Commentary: Lifting Mandatory Life Terms for Juveniles Is Right Decision

The Supreme Court ruling bars mandatory life sentences without the possibility of parole for children. I have not given up on young people, even after my child was killed by another.

Posted: 06/29/2012 04:28 PM EDT
Aqeela Sherills

My 18-year-old son Terrell was shot and killed by another young person more than eight years ago.

The person who killed Terrell was never arrested. I want him be held accountable, but I don’t think he should go to jail for the rest of his life. I think our children — and all of us — are worth more than that.

That is why I applauded the U.S. Supreme Court ruling earlier this week that declared it unconstitutional to impose mandatory sentences of life without the possibility of parole on children. We should not give up on people, nor should we suggest that a child’s value can be summed up by his worst act.

I understand how children get into trouble. As a young person, I made plenty of bad decisions.  Growing up in the Jordan Downs housing projects in Watts gave a young person few options. With the lack of youth programs and services, I joined the neighborhood gang. I witnessed things that no young person should. When I was in ninth grade, my good friend Ronzell was shot and killed at school. That was a turning point for me.

I have spent my entire adult life working to bring peace and healing to my communities. At 19, Hall of Fame football great Jim Brown  and I co-founded the Amer-I-Can Program, an organization to heal gang violence around the country. In 1992, working with my brother and a few other key individuals, I forged a "Peace Treaty" between the Crips and Bloods in Watts, creating a domino effect across the country for urban peace treaties amongst warring gangs.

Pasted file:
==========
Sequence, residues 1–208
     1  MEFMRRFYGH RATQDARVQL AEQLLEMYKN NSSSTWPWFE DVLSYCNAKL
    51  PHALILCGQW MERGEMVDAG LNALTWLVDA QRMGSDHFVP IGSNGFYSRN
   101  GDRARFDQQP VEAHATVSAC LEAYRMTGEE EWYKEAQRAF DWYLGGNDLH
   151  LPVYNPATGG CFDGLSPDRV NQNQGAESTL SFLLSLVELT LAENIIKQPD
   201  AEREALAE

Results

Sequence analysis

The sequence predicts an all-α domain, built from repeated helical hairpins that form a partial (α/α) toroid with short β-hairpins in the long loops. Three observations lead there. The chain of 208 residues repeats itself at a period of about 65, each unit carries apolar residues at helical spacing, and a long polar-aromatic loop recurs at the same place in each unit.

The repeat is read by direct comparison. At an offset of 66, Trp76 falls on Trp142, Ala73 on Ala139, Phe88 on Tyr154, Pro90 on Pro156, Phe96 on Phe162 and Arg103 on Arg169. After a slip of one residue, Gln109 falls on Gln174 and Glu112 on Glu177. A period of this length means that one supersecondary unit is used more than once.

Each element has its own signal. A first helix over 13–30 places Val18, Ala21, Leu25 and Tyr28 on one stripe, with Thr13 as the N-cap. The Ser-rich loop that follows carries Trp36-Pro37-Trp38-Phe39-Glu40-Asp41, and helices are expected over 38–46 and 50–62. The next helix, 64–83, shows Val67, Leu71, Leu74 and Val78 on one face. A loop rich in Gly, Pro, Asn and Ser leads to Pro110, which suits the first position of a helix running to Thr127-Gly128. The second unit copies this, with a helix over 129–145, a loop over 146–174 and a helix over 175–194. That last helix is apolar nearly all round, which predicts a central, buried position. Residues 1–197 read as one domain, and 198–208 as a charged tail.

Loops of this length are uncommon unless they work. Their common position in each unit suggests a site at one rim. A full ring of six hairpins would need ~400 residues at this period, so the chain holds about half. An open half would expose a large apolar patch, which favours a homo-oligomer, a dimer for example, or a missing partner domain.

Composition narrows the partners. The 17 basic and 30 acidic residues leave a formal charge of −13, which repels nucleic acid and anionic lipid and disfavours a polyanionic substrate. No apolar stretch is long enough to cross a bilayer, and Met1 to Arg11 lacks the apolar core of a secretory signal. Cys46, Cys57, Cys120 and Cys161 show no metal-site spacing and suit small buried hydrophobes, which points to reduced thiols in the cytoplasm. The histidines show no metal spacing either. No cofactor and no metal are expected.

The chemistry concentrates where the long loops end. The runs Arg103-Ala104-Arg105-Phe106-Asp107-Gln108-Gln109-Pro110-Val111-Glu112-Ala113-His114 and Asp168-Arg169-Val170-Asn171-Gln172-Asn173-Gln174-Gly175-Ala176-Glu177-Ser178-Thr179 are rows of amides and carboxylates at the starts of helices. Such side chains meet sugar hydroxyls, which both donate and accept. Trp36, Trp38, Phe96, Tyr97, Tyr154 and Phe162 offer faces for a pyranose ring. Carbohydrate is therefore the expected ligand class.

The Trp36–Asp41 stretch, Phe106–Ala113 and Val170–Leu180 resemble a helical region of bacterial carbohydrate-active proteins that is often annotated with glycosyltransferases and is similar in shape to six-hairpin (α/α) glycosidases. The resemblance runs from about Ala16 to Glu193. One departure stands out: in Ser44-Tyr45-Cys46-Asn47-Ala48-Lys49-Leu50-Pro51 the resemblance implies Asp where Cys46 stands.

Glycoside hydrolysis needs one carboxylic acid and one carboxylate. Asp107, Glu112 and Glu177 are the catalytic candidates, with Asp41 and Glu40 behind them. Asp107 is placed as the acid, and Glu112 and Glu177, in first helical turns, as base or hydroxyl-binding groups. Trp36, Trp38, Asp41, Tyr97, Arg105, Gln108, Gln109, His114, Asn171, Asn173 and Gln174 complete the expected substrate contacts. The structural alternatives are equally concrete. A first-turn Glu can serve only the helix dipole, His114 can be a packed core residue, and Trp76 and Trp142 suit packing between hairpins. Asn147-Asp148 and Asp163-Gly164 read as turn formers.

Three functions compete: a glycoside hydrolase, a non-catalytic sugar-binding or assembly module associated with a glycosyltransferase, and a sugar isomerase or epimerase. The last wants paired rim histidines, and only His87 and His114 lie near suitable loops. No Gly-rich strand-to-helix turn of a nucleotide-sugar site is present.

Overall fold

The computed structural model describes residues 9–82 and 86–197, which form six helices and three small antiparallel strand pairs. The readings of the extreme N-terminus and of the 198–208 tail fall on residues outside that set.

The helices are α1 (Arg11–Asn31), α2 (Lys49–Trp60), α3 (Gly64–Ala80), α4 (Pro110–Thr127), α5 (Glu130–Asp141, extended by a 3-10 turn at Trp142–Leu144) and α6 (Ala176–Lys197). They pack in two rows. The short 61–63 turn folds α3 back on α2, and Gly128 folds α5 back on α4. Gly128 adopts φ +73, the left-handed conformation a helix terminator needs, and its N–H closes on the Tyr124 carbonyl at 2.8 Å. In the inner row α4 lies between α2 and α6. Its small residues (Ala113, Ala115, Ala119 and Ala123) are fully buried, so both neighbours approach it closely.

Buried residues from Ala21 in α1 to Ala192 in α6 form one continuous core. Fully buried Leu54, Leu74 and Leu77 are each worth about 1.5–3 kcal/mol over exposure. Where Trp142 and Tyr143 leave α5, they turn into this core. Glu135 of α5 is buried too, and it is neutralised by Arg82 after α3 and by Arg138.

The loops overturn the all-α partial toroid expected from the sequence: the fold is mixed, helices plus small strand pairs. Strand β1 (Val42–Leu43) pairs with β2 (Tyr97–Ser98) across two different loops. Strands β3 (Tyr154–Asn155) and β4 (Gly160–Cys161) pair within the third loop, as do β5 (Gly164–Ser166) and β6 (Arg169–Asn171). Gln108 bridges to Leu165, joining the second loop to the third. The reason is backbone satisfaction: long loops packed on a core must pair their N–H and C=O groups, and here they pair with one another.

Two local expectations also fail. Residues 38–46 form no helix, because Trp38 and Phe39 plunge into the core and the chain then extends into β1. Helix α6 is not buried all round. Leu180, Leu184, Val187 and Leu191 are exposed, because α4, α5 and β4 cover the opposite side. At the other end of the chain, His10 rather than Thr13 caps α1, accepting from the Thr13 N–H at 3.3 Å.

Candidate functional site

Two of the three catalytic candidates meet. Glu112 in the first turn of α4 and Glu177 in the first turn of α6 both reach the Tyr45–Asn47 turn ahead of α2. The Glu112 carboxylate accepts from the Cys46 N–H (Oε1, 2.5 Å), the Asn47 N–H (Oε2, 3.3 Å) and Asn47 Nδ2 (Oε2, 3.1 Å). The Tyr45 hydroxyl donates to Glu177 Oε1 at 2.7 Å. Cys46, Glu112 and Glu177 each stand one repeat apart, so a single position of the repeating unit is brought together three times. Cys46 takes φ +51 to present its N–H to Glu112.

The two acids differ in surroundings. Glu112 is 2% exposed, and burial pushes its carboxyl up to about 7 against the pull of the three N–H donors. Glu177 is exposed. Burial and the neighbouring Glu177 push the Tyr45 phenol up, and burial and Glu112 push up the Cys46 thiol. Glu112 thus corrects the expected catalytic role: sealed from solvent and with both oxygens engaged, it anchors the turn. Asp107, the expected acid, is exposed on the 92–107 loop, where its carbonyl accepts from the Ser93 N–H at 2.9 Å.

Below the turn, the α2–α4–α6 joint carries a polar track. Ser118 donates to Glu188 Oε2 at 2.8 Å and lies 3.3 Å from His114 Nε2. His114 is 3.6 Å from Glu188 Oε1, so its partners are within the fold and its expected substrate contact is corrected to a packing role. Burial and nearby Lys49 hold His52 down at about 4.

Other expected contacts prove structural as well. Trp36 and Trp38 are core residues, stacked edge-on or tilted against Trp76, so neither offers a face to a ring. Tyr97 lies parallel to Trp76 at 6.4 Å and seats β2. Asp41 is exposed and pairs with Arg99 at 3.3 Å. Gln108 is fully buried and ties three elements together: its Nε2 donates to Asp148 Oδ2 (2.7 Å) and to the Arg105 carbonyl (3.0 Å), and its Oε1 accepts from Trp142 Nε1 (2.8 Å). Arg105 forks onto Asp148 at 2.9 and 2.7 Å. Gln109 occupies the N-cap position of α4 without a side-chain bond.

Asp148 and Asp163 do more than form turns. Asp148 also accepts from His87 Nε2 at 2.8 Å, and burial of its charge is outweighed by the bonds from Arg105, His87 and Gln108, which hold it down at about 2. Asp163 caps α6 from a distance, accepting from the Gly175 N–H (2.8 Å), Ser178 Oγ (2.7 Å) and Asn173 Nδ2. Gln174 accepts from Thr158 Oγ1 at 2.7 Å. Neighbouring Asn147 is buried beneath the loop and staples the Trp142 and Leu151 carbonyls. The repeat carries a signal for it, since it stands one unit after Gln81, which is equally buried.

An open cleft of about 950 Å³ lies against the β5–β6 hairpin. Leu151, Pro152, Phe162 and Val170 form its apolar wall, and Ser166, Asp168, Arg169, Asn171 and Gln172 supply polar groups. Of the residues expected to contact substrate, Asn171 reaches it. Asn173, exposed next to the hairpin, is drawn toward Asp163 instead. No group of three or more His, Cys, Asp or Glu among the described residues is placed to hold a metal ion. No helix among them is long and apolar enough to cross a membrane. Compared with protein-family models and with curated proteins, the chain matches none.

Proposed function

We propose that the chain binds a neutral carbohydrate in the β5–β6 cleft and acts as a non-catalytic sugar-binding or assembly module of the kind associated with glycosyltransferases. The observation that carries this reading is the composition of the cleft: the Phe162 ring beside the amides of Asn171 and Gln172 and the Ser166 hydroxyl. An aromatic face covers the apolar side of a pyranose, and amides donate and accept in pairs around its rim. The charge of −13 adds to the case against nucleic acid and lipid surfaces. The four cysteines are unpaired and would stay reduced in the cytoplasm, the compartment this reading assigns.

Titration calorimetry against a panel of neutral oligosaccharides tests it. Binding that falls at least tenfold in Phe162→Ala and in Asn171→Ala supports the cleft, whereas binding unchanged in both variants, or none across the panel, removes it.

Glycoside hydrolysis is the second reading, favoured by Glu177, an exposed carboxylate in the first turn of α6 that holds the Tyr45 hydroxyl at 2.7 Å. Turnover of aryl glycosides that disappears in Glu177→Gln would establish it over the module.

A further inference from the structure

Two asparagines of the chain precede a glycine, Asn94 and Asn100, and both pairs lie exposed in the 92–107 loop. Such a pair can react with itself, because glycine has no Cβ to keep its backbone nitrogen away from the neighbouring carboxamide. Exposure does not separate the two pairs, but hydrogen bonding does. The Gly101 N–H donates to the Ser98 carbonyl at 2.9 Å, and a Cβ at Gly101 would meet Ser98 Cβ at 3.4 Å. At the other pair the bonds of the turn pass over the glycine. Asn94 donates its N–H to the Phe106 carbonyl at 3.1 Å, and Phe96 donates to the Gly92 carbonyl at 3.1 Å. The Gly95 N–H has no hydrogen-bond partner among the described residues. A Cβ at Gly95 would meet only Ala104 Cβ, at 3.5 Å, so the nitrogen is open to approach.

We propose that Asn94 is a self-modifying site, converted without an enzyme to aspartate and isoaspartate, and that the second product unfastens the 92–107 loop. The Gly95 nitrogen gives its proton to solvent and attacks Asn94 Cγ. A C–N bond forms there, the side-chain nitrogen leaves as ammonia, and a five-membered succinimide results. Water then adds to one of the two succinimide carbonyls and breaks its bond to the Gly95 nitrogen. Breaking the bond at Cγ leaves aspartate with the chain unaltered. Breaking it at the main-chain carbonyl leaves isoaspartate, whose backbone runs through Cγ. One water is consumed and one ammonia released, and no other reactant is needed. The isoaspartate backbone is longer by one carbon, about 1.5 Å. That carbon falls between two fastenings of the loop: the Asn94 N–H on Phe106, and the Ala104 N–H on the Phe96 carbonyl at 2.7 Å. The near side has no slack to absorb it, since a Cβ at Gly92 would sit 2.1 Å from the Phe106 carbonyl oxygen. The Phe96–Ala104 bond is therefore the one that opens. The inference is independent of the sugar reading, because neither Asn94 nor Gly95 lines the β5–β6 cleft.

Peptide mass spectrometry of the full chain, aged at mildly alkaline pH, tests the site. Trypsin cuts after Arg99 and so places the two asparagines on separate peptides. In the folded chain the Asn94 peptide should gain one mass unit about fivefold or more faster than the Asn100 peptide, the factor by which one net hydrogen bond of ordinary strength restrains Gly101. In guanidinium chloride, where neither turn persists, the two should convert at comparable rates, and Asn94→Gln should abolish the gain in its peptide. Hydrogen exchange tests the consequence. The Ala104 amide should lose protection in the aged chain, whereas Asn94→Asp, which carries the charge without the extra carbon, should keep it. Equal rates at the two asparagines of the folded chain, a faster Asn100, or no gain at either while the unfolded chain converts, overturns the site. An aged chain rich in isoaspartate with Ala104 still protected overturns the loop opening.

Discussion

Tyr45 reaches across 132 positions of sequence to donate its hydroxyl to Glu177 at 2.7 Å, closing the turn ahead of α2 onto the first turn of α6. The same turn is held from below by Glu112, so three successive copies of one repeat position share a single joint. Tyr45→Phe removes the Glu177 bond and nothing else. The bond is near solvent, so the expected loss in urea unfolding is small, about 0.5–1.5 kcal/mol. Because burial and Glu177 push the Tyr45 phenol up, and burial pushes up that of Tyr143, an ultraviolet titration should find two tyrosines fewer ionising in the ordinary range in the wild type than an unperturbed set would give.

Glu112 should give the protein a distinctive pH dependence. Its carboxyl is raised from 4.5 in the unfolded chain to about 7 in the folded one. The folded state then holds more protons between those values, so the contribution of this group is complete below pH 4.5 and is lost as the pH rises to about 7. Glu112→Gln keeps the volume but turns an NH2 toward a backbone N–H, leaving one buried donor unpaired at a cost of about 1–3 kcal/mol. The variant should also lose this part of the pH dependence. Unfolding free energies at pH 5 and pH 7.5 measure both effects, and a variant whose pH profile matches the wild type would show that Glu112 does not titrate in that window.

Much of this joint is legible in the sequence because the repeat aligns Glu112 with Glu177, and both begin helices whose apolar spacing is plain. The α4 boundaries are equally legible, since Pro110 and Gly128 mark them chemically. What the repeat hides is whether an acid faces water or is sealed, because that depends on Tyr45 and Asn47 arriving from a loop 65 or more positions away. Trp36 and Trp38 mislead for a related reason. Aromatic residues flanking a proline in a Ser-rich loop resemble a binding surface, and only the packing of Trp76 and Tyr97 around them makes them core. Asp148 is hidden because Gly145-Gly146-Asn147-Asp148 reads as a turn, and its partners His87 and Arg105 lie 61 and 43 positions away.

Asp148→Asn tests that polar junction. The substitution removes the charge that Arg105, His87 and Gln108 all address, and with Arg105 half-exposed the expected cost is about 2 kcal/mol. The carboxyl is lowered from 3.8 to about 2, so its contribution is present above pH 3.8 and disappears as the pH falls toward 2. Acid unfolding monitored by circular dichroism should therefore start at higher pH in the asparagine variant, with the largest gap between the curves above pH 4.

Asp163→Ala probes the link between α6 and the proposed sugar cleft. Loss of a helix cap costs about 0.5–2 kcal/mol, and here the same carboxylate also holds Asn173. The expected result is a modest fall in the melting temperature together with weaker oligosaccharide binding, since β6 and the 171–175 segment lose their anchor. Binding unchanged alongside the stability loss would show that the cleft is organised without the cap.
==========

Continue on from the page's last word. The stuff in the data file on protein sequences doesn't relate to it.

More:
I raised four of my children as a single father. Terrell was the oldest. While home on break from Humboldt State University, he was shot to death at a party in an affluent black neighborhood. One theory is that a Crip may have mistaken Terrell for a Blood because he had a red Mickey Mouse sweater slung over his shoulder.

Terrell died within the hour. I ultimately forgave the killer because I know that the real villain is what has gone wrong in our culture that has led us to devalue the lives of one another.

The Supreme Court has taken an important step in the right direction. Thankfully, judges now will have to consider mitigating factors, such as a child’s age, history of abuse and neglect, and the circumstances of a crime when determining a sentence. But I think that we can go even further because no child should ever be told he or she deserves to die in prison.

Children can change. I am proof positive of that. Our children deserve our support and, sometimes, a second chance, to become all that they can.

Aqeela Sherills is the regional director for Resources for Human Development and is the Southern California outreach coordinator for California Crime Victims for Alternatives to the Death Penalty.

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